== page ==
Why is Big Sur so photogenic? Maybe it's the cliffs on the edge of the continent plunging straight toward the sea - or the misty, layered look it gets. Or the plucky little highway clinging to the hillsides, looking like it might let go at any moment?
No matter what the reason, Big Sur is a great place to take the kind of photos that will make your friends say "Wow!"
I hope you enjoy your quick tour to one of California's most beautiful places.
This iconic Big Sur picture shows Bixby Bridge.
Bixby Bridge is one of the world's highest single-span concrete arch bridges at 260 feet high and 700 feet long. The name "Bixby" is for Charles Henry Bixby, an early Big Sur settler
Big Sur View
This spot is just south of Bixby Bridge, on a windswept overlook. It's one of my favorite vista points, a typical view of the Big Sur landscape, with mountains plunging toward the ocean on the edge of the continent.
This house is a real cliff hanger, wedged into the rocky hillside, so far below the road that you'd never see it as you drove by. I found it while peering over the cliff's edge just north of the Big Sur River.
Big Sur River
The Little Sur River runs from its headwaters in the Santa Lucia Mountains into the sea, ending at Big Sur. I love how the river meanders through the sand, its winding path across the beach changing often. The ocean always seems impossibly blue from this view, especially when the sky is free of clouds.
Point Sur and its scenic lighthouse are just a little further down the coast around the bend.
Point Sur Lighthouse
Point Sur Lighthouse, built in 1889, was one of California's loneliest light stations. Today, it's a historic landmark that's open for tours.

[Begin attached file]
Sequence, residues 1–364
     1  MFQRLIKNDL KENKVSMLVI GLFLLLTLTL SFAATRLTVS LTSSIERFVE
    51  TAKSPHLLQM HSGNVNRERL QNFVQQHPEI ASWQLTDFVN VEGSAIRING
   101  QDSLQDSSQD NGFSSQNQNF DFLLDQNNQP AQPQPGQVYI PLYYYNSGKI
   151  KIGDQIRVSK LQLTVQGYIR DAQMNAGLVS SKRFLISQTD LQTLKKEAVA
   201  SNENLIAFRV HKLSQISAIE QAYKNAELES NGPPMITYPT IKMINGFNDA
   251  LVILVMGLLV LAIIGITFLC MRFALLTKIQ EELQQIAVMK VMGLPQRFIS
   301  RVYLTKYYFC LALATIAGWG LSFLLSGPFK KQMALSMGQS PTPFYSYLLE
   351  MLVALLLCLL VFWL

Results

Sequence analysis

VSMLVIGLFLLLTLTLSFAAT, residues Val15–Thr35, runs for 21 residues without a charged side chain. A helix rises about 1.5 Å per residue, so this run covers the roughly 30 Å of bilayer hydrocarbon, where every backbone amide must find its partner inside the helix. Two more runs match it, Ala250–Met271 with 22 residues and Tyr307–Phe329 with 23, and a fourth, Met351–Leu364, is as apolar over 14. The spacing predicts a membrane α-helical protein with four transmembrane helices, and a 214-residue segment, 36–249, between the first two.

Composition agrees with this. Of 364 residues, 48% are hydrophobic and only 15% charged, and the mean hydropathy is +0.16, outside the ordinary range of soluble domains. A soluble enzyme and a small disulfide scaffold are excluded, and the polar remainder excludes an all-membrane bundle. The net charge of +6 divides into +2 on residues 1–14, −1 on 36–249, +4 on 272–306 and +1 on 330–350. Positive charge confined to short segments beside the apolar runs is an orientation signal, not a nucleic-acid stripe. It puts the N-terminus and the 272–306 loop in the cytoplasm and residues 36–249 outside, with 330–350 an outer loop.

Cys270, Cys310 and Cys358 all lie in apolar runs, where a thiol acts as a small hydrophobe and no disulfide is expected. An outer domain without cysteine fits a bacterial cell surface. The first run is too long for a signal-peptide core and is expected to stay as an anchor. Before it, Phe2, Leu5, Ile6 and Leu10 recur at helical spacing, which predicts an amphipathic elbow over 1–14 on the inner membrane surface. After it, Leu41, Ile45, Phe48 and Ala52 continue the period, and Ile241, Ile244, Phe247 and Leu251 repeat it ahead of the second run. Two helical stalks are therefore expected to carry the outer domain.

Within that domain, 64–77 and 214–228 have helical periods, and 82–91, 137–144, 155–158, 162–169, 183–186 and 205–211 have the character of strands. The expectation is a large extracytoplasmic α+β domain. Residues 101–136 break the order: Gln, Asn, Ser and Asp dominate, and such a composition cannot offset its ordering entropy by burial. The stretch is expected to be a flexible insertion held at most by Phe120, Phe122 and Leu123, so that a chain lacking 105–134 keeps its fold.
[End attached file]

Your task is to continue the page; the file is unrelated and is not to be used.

To get this kind of close-up view of it, you'll have to take one of those tours. Otherwise, it's partly hidden on the back of the rock it's built on.
The most pleasant place on the coast to have lunch, Nepenthe sits in the perfect spot.
It has gorgeous views down the coastline, a warm California ambiance, a good restaurant and a gift shop that's always fun for puttering around in.
Pfeiffer Beach is a hidden beach, little known to tourists and not visible from Highway One.
On the right day, it's one of our California favorites. It's a family-friendly place with beautiful views and unusual purple sand. Other times, it's windy and unpleasant.
You could zip right by the turnoff if you don't know where it is. Use this guide to visiting Pfeiffer Beach to find out what you need to know before you go.
McWay Creek drops 80 feet over a cliff onto the beach in Julia Pfeiffer Burns State Park, creating a type of waterfall called a tidefall. It's a short walk along the Overlook Trail to the spot where this picture was taken.
Views of McWay Falls from here are beautiful, but it's the only place you can see it from. As tempting as it might seem, it's not possible to get down to the beach here.
You may want to take your time while driving in Big Sur, but others may not. It's one of the reasons that the 65-mile drive between Hearst Castle and Big Sur can take two hours.
According to California state law: "If you are driving slowly on a two-lane highway or road where passing is unsafe, and five or more vehicles are following you, drive into the turnout areas or lanes to let the vehicles pass."
You count 'em and figure out if this guy needs to pull over and let the others pass.
This is a typical view of California Highway One along the Big Sur coast - on a sunny day. Most of the really pretty photos of Big Sur are taken on days like this, but not every day presents the same look.
You'll see what Big Sur looks like on a cloudy day in the next photo.
I always hope for blue skies and ocean when traveling on Highway One, but it doesn't always happen. The day this photo was taken, the weather went from blue skies to fully overcast just after noon, turning gray and chilly in about half an hour.